[00:22:55] So I think the answer to that question is probably in two parts.
[00:22:59] I mean, go back to the research that I was talking about. There’s very much a feeling amongst professional that greater value is now being placed on the IoT. I think there was an appreciation of the value of information technology and the role the I.T. department could play in helping companies to continue to innovate and continue to be competitive.
[00:23:24] We also run a state of IoT annual report and that showed how the evolving, the evolving relationship and the rest of the business going forward. I don’t think that those disruptive technologies are lost forever and they’ve been contextualised completely different. But I think what it means is that the IT department is now going to have a very different role, a much more and much more involved role with the rest of the business in terms of how businesses because if anything, this pandemic has shown how integral it is. This is kind of been known for a long time, certainly within the finance industry. And you occasionally hear of systems going down and and how that affects companies. But if anything, it’s not just the fact that the new technology underpins business advancement, but new technology plays a part when businesses is under stress and resilient. So I think that the role of the Department of Information Technology is going to continue to evolve, to evolve in a very, very positive way regarding those new technologies. As we’ve come through this first phase of looking at scale, going through the second phase and then going back and tightening up the security and ultimately around the phase three will be companies like yours and mine looking at how we evolve a new normal post pandemic, Watsa operating model going to be and the IT departments will be very focussed on on how basic those transitions. And for our companies that would straightforward for companies in other sectors like manufacturing, they want to see more resilience. That might mean quite big transformational change. Those companies don’t have to have to support beyond that, assuming we get to a new normal world cycle and the time scales on that in the next, Gramlich, is discussions with those, you know, anything from start moving all the way through to a long haul that could take the best part of a decade. So who knows what the timing is going to be in space? Yes, let’s hope not for that. Beyond that, beyond that, the disruptive technologies will come back. That that involvement of the disruptive technology to the landscape can be accelerated if they’re shown to have benefits. And if not, then industry companies will eventually get to it. But it will be further down the line because they’re really focussed on on business as usual, on surviving some of them and on including those.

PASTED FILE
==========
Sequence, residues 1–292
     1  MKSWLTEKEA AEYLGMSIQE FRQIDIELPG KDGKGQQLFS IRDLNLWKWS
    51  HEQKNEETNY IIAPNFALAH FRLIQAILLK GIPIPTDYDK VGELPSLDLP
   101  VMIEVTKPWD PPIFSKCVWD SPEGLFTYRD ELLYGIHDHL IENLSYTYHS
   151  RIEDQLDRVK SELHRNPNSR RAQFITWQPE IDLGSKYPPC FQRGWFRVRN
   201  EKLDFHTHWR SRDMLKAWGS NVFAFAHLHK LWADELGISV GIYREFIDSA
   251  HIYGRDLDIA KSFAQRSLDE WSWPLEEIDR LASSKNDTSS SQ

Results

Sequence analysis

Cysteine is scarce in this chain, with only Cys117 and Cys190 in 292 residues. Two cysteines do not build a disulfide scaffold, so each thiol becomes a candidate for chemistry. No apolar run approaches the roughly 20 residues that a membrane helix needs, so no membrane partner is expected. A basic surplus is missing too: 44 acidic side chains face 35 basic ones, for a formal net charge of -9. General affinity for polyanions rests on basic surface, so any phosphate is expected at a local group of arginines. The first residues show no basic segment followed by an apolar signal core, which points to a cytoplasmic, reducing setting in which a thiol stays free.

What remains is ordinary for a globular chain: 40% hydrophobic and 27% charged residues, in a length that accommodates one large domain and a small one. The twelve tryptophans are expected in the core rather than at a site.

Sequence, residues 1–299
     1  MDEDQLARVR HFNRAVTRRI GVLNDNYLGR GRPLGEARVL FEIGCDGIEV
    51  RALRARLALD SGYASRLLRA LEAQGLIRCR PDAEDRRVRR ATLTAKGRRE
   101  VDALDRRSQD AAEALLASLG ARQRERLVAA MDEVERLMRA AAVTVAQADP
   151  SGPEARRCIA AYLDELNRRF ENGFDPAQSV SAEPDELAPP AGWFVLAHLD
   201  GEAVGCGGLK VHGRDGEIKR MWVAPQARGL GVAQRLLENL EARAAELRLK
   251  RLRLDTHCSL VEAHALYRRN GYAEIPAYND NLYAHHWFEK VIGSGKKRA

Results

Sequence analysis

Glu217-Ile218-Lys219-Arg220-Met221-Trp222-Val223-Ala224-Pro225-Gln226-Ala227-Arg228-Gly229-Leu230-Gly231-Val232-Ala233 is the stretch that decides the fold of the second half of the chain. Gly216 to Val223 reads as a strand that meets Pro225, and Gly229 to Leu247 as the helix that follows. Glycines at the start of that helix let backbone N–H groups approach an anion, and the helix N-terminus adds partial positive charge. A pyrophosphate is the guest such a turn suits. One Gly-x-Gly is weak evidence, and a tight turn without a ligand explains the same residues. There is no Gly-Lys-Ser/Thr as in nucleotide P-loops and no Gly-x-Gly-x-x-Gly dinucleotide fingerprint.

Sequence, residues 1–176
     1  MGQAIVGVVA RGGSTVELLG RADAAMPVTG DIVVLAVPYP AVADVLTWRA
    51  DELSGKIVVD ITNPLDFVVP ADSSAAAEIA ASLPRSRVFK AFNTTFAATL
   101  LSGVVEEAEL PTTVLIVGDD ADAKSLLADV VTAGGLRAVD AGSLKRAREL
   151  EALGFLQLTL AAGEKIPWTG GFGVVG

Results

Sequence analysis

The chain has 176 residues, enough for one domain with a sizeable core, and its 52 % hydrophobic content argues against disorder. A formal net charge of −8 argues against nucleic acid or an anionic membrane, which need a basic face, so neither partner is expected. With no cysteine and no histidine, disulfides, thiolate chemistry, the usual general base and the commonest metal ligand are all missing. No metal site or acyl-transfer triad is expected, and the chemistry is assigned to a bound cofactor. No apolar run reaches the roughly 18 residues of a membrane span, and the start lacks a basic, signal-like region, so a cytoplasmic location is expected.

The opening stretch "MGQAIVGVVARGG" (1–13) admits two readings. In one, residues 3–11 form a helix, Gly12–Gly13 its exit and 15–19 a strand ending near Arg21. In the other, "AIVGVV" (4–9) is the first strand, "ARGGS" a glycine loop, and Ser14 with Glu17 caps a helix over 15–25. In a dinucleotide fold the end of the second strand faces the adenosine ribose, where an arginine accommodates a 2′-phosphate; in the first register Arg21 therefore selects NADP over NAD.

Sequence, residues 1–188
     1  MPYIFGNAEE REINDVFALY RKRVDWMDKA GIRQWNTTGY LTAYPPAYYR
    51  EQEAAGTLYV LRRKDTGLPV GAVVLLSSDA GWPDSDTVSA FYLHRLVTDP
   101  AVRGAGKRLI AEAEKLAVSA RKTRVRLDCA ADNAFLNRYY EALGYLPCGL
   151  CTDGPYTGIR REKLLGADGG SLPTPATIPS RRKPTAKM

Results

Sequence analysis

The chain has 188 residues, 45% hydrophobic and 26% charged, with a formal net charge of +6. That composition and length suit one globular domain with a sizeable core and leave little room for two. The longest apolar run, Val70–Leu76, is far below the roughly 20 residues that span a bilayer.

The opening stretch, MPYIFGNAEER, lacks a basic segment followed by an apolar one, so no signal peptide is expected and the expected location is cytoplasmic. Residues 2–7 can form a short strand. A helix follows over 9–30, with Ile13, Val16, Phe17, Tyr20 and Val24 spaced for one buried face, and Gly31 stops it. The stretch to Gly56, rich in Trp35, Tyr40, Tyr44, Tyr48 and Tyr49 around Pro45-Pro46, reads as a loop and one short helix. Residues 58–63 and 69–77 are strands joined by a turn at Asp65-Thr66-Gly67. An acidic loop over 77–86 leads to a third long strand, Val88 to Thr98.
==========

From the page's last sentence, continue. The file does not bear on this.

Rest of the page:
[00:26:04] And what about the future for market research, is the future bright as we see shifts in channels of communication?
[00:26:14] So I think, you know, market research has has has had its challenges exposed in the same way that many other sectors. I think we will see a little bit of shrinkage in the sector because I don’t think some companies are going to survive through this. All remaining companies are going to want as every as every company that we just had, a Black Swan event that has just tested companies all over the globe. And so coming out of this, companies will want to look at their operating model. They want to look at the products and services they provide, and they’ll want to improve their resilience, which will mean, I think, two things, diversification, so that you’re not particularly exposed to one sector or one product line. And there has been a trend towards digital in this sector for the last few decades. But I expect to see that you see that accelerated because, again, if anything, this pandemic is generated more than IoT.
[00:27:17] Absolutely. Well, thank you so much for joining us this morning, Neil. It’s been exceptionally insightful, I think, with the full economic ramifications of covid still really unclear and lots of debate still raging about, as you say, the the depth of recession and the course of the shape of recovery. And I think the one thing I’ve taken from this is the level of insight used in the right way right now. That level of quick, fast turnaround and site data is going to be absolutely valuable and critical to a lot of business strategies, never mind just in the tech sector. And we’re looking forward to the next phase of of the corporate report. I’m sure with that will be on the on the website demerging the one that’s currently up there.
[00:28:12] And so just a reminder, you can find this episode and on previous episodes on our website, Kaizo to the U.K. And in the meantime, we’ll be back next Tuesday at 11 and with our next episode. So thank you again, Neil, and see you then.